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Libros Libros 81 a 90 de 101 sobre Certainly, gentlemen, it ought to be the happiness and glory of a representative...
" Certainly, gentlemen, it ought to be the happiness and glory of a representative to live in the strictest union, the closest correspondence, and the most unreserved communication with his constituents. "
The American Review of History and Politics, and General Repository of ... - Página 138
de Robert Walsh - 1812
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Respectfully Quoted: A Dictionary of Quotations

Suzy Platt - 1992 - 520 páginas
...system that makes that possible."— Congressional Record, October 22, 1965, vol. I11, p. 28566. 280 Certainly, Gentlemen, it ought to be the happiness...wishes ought to have great weight with him; their opinions high respect; their business unremitted attention. It is his duty to sacrifice his repose,...
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Restoration

George F. Will - 2010 - 272 páginas
...duty of a representative, rightly understood. Certainly, he said amicably, a representative should "live in the strictest union, the closest correspondence,...most unreserved communication with his constituents." But all he was saying was that a representative should hear, understand and empathize with his constituents....
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Elections at Home and Abroad: Essays in Honor of Warren E. Miller

William E. Miller - 1994 - 336 páginas
...rigidly separated categories, Even though Burke's preference was clear, he felt at the same time that "it ought to be the happiness and glory of a representative...most unreserved communication with his constituents" (as quoted in Eulau et al, l959, 747l, 2, The significance of empirical research of role conceptions...
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White House to Your House: Media and Politics in Virtual America

Edwin Diamond, Robert A. Silverman - 1997 - 188 páginas
...Burke spoke to the Bristol electorate as a realist who understood what popular democracy required: "It ought to be the happiness and glory of a representative...most unreserved communication with his constituents." But he added: "your representative owes you, not his industry only, but his judgment; and he betrays...
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Conscience in Politics: An Empirical Investigation of Swiss Decision Cases

Jürg Steiner - 1996 - 170 páginas
...and politician Edmund Burke, who in an election speech in Bristol in 1774 acknowledges at first that "it ought to be the happiness and glory of a representative...attention. It is his duty to sacrifice his repose, his pleasure, his satisfactions, to theirs— and above all, ever, and in all cases, to prefer their interest...
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Edmund Burke: Selected Writings and Speeches

Edmund Burke - 1997 - 702 páginas
...and in his acceptance speech he put forth the classic expression of his doctrine of representation: Certainly, gentlemen, it ought to be the happiness...wishes ought to have great weight with him; their opinions high respect; their business unremitted attention. It is his duty to sacrifice his repose,...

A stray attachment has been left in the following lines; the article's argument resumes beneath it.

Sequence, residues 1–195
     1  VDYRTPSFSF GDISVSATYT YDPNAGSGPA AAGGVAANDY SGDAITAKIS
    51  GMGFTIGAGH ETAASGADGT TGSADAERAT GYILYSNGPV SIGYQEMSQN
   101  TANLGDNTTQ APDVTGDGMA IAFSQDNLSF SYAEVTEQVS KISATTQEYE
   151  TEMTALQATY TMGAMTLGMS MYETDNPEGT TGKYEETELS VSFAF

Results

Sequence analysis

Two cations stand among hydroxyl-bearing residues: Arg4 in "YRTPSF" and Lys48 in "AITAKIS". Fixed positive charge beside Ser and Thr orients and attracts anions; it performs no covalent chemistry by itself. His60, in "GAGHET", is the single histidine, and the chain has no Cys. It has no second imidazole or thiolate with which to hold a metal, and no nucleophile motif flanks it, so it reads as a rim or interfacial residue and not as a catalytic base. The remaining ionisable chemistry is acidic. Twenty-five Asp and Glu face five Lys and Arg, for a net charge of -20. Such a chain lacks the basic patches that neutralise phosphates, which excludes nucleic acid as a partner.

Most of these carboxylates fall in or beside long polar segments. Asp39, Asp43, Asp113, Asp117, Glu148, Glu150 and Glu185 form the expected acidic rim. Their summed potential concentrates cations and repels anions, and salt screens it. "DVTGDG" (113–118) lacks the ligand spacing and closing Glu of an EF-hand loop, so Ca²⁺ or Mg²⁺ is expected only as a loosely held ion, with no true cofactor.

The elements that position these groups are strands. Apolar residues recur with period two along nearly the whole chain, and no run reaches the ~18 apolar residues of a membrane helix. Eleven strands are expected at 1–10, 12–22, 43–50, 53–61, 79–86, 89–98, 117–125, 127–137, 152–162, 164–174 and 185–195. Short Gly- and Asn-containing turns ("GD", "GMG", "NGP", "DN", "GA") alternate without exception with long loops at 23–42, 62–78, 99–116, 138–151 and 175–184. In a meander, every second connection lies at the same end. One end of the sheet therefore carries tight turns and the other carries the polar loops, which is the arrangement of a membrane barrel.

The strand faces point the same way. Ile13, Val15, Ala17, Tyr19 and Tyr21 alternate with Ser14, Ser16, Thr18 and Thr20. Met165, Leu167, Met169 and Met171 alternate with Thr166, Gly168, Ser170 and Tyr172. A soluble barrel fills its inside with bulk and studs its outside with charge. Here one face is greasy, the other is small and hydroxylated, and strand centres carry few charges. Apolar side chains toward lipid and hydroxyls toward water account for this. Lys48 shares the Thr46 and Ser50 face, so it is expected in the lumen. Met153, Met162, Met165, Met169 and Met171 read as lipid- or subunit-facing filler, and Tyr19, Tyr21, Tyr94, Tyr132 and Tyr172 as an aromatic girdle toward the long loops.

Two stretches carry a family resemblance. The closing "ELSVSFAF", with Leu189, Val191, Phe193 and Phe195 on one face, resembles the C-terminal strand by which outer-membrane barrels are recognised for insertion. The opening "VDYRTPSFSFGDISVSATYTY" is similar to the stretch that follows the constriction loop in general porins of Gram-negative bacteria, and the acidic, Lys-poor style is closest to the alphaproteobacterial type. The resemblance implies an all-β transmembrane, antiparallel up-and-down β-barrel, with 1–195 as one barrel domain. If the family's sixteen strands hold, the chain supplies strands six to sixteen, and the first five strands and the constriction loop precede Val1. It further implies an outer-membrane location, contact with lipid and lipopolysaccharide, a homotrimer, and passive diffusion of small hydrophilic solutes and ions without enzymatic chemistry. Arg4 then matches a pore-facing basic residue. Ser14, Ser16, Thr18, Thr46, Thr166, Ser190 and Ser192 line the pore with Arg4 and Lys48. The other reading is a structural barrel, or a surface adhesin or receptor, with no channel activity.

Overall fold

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Crown Powers, Subjects and Citizens

Christopher Vincenzi - 1998 - 343 páginas
...conduct of government. In 1774, Edmund Burke made his celebrated declaration to the electors of Bristol: It ought to be the happiness and glory of a representative...wishes ought to have great weight with him; their opinions high respect; their business unremitted attention. It is his duty to sacrifice his repose,...
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On Empire, Liberty, and Reform: Speeches and Letters

Edmund Burke - 2000 - 525 páginas
...master, subservient to their will, not superiour to it." Burke refused any such vow of compliance: "It ought to be the happiness and glory of a representative...high respect; their business, unremitted attention. . . . But authoritative instructions; mandates issued, which the member is bound blindly and implicitly...
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Experiencing Politics: A Legislator's Stories of Government and Health Care

John E. McDonough - 2000 - 354 páginas
...the interests of his constituents than the previous excerpt implies. Before those words, he said of his constituents: Their . . . wishes ought to have...their opinion high respect; their business unremitted attenrion. It is his duty to sacrifice his repose, his pleasures, his satisfactions, to theirs —...
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Democracy and the Academy

Robert Weissberg - 2000 - 247 páginas
...sacrifice his own judgment to the opinions of his constituents, Burke felt that the representative should "live in the strictest union, the closest correspondence, and the most unreserved communication with his constituents".8 Although most councilors agreed that in doing their job, they were guided by constituent...
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